Daichot held his hands out for the statues, “Those aren’t dragon statues! Those are idols, blessed by the First Dragon, and we’re not selling them!”

Percy handed him the idols and nodded. “Of course we’re not. That would be, uh, wrong. I was just saying, that’s probably what they’re worth.”

“Hey, there’s three more in this altar,” added Omar, finding the panel that slid away beside the shrine.

Daichot looked at the two idols in his hand, and the three that Omar was retrieving from the south altar. “There were only two in that one, eh?” asked the tielfling, curious.

“Yeah. Just those two. Weird.” Percy flipped his cloak back to reveal his tiny, leather-clad frame, and an astonishing number of daggers, pouches and straps, producing a slim prybar. “So, let’s see if I can figure out how to break into these doors.”

Daichot looked at the halfling sternly.

“Would you prefer, ‘gain entry’, perhaps?”

“Just… just get them open.”

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Hi Xorn,

I've been reading this storyhour in free moments over the last few days and I would just like to say you've got me hooked too.

Very nice action descriptions and some great character development from you and the players. Bravo and keep up the good work! :D


Where did our brave heroes go? They got a promotion (at least the writer did) and it's wreaked havoc on my free time at work (I used to write at lunch), and left me too tired to write at home. Sunday I'm going to write a whole lot on the story, and try to get back into the swing of finishing this story. (The adventure is finished--I just have to finish the writing.)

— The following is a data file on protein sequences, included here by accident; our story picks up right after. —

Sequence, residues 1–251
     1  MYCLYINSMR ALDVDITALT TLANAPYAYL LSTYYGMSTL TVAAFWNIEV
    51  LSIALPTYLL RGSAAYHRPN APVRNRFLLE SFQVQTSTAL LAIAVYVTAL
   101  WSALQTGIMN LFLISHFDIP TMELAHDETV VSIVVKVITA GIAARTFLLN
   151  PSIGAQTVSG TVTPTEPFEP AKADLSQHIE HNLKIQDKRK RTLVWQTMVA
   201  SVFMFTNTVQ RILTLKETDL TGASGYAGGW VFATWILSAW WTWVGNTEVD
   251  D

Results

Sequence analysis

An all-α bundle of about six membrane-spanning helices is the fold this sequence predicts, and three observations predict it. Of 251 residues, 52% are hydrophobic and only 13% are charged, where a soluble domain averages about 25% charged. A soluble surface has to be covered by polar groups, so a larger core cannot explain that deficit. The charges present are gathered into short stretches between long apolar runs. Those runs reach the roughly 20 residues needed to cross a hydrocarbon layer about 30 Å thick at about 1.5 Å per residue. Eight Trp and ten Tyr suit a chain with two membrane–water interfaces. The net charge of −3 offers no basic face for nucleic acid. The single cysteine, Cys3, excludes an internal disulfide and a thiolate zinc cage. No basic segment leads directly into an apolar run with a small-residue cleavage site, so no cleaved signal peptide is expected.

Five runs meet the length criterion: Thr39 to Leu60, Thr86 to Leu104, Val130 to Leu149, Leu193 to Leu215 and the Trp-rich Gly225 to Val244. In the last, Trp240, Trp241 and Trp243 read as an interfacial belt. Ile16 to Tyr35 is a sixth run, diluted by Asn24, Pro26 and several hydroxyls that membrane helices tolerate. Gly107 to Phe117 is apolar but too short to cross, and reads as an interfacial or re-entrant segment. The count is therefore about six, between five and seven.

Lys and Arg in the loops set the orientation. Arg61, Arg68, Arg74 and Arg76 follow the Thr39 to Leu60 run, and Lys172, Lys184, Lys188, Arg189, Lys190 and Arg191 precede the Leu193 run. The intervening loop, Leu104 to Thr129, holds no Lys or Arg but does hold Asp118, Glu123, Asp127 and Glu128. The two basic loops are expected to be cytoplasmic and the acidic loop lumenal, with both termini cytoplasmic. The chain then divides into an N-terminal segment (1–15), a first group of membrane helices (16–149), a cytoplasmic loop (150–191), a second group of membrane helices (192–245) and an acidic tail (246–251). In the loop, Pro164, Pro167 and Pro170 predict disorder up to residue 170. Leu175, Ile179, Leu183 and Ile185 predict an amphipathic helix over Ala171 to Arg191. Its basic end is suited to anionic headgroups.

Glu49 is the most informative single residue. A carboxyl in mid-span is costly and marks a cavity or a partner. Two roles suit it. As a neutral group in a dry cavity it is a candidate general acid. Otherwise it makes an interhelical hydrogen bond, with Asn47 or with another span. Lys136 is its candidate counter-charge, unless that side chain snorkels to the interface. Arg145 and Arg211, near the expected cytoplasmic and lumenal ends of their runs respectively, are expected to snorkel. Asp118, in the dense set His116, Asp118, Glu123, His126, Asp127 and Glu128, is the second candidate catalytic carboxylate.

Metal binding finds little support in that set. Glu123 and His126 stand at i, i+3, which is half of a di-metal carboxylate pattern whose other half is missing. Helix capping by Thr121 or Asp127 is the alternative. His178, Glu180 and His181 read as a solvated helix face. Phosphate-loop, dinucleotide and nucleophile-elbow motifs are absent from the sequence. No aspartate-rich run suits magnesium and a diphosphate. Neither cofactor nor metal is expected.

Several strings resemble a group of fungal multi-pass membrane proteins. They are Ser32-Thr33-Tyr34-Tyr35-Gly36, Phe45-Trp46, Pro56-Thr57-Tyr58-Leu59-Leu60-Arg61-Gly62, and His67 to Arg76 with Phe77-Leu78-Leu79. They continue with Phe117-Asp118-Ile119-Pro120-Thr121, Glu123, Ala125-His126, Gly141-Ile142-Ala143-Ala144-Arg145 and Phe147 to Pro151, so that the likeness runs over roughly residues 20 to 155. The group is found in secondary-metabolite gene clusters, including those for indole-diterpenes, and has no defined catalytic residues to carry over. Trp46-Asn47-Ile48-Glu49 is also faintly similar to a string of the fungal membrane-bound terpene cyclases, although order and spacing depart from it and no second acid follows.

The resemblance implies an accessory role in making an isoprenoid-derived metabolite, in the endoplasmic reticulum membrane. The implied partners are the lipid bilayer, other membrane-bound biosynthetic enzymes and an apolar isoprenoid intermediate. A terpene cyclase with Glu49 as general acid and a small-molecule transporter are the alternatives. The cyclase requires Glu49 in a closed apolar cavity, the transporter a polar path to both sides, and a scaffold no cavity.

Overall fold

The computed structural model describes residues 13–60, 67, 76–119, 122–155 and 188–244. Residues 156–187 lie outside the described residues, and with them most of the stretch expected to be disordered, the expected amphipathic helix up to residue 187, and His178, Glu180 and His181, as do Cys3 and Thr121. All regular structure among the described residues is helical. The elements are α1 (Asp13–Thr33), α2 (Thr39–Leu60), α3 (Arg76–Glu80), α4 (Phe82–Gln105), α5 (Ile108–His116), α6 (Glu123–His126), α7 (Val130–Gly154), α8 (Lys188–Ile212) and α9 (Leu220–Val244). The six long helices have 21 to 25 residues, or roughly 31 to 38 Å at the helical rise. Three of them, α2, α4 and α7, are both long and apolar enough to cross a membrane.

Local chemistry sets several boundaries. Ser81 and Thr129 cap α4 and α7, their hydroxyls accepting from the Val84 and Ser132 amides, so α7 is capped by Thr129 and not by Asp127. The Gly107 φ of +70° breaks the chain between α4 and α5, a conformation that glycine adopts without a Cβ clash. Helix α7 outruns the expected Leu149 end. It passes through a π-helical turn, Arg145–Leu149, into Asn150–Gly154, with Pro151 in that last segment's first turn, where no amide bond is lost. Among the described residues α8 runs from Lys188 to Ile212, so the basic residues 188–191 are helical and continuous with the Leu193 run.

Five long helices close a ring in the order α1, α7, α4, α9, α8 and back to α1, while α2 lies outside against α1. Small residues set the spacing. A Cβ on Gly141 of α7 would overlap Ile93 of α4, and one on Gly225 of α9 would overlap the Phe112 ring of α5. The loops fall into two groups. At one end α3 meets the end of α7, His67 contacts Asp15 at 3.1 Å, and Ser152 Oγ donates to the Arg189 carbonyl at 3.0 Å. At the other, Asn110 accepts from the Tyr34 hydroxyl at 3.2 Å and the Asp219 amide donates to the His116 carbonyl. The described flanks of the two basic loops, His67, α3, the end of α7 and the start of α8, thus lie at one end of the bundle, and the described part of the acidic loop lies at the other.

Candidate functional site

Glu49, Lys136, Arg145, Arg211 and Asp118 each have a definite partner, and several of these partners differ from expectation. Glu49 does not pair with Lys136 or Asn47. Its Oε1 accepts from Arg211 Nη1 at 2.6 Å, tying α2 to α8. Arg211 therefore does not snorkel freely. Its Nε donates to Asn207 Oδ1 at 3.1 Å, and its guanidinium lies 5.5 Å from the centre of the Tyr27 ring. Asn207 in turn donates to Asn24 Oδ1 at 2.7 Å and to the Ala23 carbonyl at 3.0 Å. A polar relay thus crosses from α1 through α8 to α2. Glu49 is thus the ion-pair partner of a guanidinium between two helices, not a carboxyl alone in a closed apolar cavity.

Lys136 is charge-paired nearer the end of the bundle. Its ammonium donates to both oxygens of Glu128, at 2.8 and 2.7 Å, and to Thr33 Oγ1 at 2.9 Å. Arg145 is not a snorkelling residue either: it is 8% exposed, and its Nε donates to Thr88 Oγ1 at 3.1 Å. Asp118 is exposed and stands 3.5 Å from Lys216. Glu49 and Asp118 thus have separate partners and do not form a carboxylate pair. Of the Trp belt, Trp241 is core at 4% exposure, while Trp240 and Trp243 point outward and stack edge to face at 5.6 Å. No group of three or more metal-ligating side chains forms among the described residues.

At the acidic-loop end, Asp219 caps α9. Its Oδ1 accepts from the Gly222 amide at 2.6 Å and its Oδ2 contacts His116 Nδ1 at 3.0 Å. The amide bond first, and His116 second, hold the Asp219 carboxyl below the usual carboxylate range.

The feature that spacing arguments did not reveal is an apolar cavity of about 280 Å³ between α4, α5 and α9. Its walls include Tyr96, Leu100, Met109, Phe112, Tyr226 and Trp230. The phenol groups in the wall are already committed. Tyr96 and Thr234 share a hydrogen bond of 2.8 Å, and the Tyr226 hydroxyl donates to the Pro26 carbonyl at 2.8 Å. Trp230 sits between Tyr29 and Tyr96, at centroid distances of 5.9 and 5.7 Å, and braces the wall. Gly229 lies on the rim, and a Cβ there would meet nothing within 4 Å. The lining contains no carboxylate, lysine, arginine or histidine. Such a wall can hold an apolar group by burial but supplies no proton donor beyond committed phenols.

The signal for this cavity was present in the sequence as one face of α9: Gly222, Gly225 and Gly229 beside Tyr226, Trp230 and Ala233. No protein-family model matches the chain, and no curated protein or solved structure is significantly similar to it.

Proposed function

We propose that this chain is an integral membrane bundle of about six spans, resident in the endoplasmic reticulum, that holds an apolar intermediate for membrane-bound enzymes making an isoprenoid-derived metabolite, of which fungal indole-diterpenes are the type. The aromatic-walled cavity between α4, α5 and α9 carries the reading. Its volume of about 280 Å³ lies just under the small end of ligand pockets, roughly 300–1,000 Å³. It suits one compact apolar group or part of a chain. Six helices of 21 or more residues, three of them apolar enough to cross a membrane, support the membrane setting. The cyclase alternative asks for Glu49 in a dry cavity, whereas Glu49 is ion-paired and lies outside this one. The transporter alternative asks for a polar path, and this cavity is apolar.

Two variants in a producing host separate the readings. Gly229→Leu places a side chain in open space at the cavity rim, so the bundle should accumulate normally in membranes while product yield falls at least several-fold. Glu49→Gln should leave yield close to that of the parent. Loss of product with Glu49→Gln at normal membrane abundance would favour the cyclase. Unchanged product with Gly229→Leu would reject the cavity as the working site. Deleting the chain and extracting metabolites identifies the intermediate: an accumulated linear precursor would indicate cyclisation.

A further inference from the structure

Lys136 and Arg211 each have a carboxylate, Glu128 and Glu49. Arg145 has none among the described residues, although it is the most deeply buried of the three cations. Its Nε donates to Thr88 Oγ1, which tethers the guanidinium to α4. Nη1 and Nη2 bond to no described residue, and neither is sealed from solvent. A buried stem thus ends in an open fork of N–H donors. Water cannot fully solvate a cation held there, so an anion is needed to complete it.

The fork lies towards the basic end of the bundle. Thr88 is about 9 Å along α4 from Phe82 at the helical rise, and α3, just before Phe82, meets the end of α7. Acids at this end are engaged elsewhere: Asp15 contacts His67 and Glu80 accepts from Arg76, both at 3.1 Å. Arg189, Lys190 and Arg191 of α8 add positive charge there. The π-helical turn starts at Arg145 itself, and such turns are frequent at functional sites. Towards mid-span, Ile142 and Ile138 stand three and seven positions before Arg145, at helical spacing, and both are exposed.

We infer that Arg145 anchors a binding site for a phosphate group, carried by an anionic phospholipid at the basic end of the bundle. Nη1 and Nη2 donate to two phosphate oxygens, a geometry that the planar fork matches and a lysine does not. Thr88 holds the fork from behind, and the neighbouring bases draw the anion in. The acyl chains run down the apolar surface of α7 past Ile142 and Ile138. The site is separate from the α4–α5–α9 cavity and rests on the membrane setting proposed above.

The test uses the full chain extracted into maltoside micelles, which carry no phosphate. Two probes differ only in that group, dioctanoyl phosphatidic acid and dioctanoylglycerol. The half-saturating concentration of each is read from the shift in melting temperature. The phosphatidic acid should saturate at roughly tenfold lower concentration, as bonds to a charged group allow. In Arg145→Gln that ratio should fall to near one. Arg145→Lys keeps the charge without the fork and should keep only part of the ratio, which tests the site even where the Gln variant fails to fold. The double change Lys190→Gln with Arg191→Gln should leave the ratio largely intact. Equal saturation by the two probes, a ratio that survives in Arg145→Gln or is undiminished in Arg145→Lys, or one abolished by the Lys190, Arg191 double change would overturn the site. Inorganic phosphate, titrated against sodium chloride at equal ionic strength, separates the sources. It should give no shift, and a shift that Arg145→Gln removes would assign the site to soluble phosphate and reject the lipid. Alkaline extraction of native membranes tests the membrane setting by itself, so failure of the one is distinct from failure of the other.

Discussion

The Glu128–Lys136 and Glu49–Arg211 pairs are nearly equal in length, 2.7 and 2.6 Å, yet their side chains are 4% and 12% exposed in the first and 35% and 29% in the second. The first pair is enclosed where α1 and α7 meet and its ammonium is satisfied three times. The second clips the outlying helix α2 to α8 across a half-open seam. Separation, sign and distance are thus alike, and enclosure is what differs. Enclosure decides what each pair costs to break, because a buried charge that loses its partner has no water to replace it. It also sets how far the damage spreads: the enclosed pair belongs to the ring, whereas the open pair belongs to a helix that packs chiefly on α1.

WFFM is not dead, but it's been pushed into the background for a few weeks here. Expect updates before the weekend is over, and at least a weekly update after that--if I can write any at work, I will--but writing in the evening usually doesn't happen for me. :)


“That was rather impressive, Percy,” clucked the wizard as the carved stone doors swung open on ancient hinges with only the faintest sound of grinding.

“Ain’t a lock I can’t open,” bragged the halfling, slipping the tools his hand beneath the veil of his cloak in a casual, practiced motion.

“With a mechanical lock, I have no doubts—but to solve that arcane puzzle lock so swiftly!” Vrax pointed to the mechanism that had been camouflaged in the surface of the door; seven raised knobs on one of the dragon claws displayed in the mural.

Percy cocked an eyebrow in confusion. “Whaddya mean solved?”

Despite the looming burial chamber beyond the doors, where a raised sarcophagus sat upon a dais overlooking the chamber, everyone was staring at the halfling. Daichot broke the silence first.

“You had to depress the knobs that folded down the claws to display the symbol of the First Dragon, as a dragon’s claws would be.”

“Riiight,” added the rogue.

Vrax seemed flabbergasted. “Are you suggesting that you just randomly pushed knobs and got it right? There were seven knobs that could have been pushed in any combination!”